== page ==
New Delhi, India
September 5, 2012
It’s based on the concept of bringing together reproductions of some of India’s finest sculpture within one set of galleries, to make them more easily accessible to those who may never get to travel to Mahabalipuram or Sanchi or wherever the originals are to be found. A laudable endeavour, true; but unfortunately executed in such a shoddy way that it ends up detracting from its purpose.
We hadn’t meant to visit the Children’s Museum at all; it just so happened that we wanted to visit the Mohammadwali Masjid opposite, and the locked gate could only be opened by somebody from the Archaeological Survey of India (ASI), whose office is at the museum (which, by the way, is also the brainchild of the ASI). The gentleman took us all the way to the mosque, gave us a guided tour, and then insisted that we come back and have a look at the museum. My husband and I aren’t too good at saying ‘no’, and this man had been really rather generous with his time, so we agreed.
This didn’t really eat into our time, actually, because the museum—though it’s housed in a fairly spacious building—is tiny. As you enter, there’s a rather dark vestibule, with some sculptures in stone. Beyond, there’s an open quadrangle—a grassy rectangle, surrounded on all four sides by the two-storied building. In the quadrangle are three large sculptures: one of the Narsimha (the half-man, half-lion incarnation of the Hindu deity, Vishnu); one of the Ashokan capital with its four lions (the capital is the national emblem of India); and one of the Hindu trinity.
Our guide led us on to the first gallery, a tiny room which is lined with photographs of India’s World Heritage Sites. Yes, that’s it. They’re merely labelled with the name of the site; there are no descriptions, no history—let alone anything else that might be even vaguely informative or interactive.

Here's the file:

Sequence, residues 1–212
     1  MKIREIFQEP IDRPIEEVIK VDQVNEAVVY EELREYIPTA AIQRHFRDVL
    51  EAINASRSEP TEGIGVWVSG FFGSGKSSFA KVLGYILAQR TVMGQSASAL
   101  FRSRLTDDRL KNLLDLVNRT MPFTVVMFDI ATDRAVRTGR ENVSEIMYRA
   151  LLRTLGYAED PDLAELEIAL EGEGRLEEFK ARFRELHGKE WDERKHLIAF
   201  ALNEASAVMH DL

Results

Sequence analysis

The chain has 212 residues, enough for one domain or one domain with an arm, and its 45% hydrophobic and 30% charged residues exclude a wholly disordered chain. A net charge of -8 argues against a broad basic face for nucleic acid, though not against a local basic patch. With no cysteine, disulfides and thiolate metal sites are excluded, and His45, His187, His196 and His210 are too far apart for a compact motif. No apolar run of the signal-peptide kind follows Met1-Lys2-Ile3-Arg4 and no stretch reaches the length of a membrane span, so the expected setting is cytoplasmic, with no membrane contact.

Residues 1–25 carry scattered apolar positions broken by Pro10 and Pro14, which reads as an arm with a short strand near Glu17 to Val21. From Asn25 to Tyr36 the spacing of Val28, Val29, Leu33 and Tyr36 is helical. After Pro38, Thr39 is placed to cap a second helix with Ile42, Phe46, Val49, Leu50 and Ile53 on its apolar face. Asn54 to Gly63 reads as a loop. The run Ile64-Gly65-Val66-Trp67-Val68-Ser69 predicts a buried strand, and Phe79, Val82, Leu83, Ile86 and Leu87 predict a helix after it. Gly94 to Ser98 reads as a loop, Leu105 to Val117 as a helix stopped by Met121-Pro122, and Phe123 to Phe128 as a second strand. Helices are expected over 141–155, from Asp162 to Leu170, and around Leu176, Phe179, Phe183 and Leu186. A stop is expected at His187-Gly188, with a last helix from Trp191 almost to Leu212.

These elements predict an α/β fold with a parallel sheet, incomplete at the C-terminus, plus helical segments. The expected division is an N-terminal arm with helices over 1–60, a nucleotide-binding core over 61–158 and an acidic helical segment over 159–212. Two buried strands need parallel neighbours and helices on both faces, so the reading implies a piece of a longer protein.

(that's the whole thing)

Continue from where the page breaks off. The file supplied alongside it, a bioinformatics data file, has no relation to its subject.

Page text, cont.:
There’s another gallery, which is devoted to the major historical sites in Delhi—in most cases, sites where the ASI’s conservation and restoration work have helped rejuvenate the sites. The ‘before’ and ‘after’ photos of each site are interesting, but with (again!) no descriptions, it’s all really rather flat and boring. Since our guide was obviously so proud of it all, we murmured praise, but you’d need to have exceptionally low standards to think this was good stuff.
Next came another display of reproduced sculptures: a slightly larger room, with some relatively good reproductions of works of art: a Sakyamuni (‘fasting Buddha’), a Gandhar-style Buddha (the Gandhar form of ancient Indian sculpture borrows heavily from Greek influences); ‘Arjuna’s Penance’ (a frieze from the shore temples at Mahabalipuram), etc.
Lastly (yes, there only five rooms open right now), we were shown a room, the aim of which is to sensitise people to the misuse and neglect of historical monuments—graffiti, encroachments, all the junk and debris and other ghastly stuff you see being dumped at unprotected monuments (even sometimes at protected ones) across the length and breadth of India. This has been done by basically replicating a historical site—something that looks like a medieval room—and covering the walls with graffiti, posters, etc; and by dumping everything from an old bicycle to a lantern, mattress and bedsheet in a corner. Fairly realistic, but I don’t know how much this really achieves. Wouldn’t people who take the trouble to come to this obscure little museum already be aware that one shouldn’t treat heritage in this shabby fashion? Even if they aren’t, will this be enough to shame them into respecting heritage a bit?
Anyway, as I mentioned in the headline, at least this is free. It’s tiny, it’s really not worth the effort, and until they think up a more innovative way of putting across the message, this is one museum you’d probably be better off omitting.
From journal Delhi: Some Museums, Some Memorials